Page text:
The day looked pretty rainy and miserable but we are in Scotland now so it is either tour in the rain or never see Scotland. Or so we have been led to believe. When we arrived in Edinburgh the day before, there was no rain. Our BNB is just down the block from the North Sea so, though it was windy and a bit chilly, we walked the promenade from one end to other.  The sea was wild and choppy but there were still people on the beach, in the water and spending time with friends and family. We decided that they were much tougher than us as they were in shorts and t-shirts while we were bundled in our winter jackets. That doesn’t happen very often!

Anyways, on Day two we jumped the bus and headed to Old Edinburgh. Though we have the car, we thought that it would be much easier to ride the bus and given all the construction downtown, we were right about that. We got off in front of the Scott Monument, dedicated to Sir Walter Scott, a writer. The monument is quite impressive and is the second largest in the world dedicated to a writer. The other is in Havana, Cuba.

We joined all the other folks with their umbrellas heading towards the Edinburgh Castle. This historic fortress dominates the skyline of the city from its position on the volcanic Castle Rock. Though the Rock has been occupied since the Iron Age, King Charles I was the last sovereign to stay there. He slept there on 19 June 1633, the night before his Scottish coronation. The Castle has played a prominent role in the ongoing battle between the Scottish and the English and has had many facelifts as a result of war and destruction. It now houses the Crown Jewels and is the number one tourist spot in Scotland. We took a few pictures and then headed down Royal Mile to see the historic buildings and the shops.

We did some shopping, had lunch at the McGregor (can’t get much more Scottish than that!!)  and when the rain finally stopped, we headed up to Calton Hill. Calton Hill is one of Edinburgh’s main hills, set right in the city centre. It is unmistakable with its Athenian acropolis poking above the skyline. The acropolis is in fact an unfinished monument – originally called the “National Monument”. Initiated in 1816, a year after Napoleon’s defeat at Waterloo, it was meant to be a replica of the Parthenon in Athens, as a memorial to those who had died in the Napoleonic Wars. However, funds ran out during construction and it has never been completed.  The panoramic views of the city and the craggy volcanic hills that surround it are amazing. I can only imagine what you could see on a clear day!!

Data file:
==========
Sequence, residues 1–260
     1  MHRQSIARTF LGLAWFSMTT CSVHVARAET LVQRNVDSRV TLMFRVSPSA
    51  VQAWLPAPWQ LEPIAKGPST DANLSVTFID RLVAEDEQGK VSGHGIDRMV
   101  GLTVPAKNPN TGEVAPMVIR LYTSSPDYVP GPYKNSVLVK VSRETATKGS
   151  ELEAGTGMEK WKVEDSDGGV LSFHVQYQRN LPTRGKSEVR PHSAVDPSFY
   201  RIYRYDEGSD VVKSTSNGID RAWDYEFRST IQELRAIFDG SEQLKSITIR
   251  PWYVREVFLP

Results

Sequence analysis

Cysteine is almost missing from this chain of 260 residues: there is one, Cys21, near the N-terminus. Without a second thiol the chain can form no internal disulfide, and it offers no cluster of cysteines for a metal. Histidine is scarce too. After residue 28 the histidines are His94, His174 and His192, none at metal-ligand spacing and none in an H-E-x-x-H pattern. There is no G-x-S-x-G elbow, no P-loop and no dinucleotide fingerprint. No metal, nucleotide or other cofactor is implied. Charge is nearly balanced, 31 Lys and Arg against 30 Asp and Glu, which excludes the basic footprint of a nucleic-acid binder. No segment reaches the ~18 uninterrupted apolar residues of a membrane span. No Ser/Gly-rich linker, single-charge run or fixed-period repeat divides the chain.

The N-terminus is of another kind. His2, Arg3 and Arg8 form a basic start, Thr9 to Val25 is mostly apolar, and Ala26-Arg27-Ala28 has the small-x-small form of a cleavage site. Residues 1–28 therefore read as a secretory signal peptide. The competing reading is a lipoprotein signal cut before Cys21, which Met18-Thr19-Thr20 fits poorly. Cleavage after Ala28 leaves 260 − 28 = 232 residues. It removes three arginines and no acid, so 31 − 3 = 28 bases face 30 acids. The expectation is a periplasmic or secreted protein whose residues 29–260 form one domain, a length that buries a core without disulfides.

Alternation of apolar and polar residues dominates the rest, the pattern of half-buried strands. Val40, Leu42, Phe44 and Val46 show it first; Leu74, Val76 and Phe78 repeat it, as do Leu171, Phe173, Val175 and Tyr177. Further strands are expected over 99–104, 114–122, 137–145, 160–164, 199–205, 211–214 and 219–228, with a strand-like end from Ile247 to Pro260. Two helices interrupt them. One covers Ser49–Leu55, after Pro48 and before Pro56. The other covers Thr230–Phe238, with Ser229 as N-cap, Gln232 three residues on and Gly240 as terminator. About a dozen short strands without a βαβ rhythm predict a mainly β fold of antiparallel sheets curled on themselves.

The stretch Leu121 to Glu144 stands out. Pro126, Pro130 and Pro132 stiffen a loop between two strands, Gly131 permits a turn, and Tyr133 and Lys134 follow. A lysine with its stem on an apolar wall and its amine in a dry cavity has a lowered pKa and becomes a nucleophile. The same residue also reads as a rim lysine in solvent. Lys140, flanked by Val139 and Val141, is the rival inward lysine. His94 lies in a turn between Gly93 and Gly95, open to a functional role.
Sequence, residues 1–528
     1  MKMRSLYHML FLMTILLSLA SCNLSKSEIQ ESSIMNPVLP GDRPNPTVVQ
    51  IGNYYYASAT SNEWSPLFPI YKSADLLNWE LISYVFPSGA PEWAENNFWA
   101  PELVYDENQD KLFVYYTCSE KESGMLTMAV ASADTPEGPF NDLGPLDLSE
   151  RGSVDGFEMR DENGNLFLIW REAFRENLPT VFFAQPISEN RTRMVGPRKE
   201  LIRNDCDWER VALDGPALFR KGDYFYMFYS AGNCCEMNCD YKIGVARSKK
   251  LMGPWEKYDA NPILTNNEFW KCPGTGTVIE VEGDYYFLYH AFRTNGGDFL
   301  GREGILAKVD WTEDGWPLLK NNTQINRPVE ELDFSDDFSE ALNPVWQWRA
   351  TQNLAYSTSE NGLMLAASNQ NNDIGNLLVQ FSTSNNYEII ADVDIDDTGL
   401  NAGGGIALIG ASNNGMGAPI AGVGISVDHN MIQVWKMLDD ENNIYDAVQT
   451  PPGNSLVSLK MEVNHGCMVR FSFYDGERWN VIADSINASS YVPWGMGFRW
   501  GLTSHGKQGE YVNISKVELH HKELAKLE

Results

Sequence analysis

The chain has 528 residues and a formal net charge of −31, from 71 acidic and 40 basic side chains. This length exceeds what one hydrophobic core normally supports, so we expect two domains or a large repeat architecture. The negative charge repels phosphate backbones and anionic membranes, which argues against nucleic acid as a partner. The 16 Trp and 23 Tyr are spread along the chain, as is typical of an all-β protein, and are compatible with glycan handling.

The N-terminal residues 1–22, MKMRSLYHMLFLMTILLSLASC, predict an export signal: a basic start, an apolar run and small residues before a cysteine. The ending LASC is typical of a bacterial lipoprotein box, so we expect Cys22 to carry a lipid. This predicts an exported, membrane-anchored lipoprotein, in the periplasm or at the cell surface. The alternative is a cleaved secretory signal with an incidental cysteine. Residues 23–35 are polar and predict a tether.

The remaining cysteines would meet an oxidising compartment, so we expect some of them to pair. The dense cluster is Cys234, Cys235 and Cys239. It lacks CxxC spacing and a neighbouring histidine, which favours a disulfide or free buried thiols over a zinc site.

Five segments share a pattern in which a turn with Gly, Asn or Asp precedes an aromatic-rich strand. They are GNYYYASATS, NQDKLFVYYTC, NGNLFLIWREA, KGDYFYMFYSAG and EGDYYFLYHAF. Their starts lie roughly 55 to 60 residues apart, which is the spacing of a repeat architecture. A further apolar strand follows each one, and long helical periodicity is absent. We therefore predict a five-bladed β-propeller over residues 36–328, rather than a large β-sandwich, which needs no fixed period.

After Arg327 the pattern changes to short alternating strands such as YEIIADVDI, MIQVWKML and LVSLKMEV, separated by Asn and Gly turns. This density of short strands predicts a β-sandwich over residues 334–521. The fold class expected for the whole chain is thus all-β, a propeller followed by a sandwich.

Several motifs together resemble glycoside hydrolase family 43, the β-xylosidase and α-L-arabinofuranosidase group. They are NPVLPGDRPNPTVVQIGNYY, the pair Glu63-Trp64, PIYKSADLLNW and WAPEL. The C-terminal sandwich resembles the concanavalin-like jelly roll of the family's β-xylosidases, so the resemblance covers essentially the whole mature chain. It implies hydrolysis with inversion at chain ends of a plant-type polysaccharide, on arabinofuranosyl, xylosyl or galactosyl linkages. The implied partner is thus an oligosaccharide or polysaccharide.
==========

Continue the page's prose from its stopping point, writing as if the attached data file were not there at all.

We headed back down the hill and satisfied with a day well spent in the capital city, headed back to our BNB to get ready for tomorrow’s adventure – a trip up to Inverness to see if we can catch a glimpse of the Loch Ness monster. Wish us luck!!

PS…  Richard had his first taste of Haggis today.  He actually like it.

The sign sums up what it is like to drive in Great Britain.

Image result for Welcome to Scotland


The Scott Monument.


Image result for the scott monument edinburgh

Edinburgh Castle.


Image result for edinburgh castle

Around Edinburgh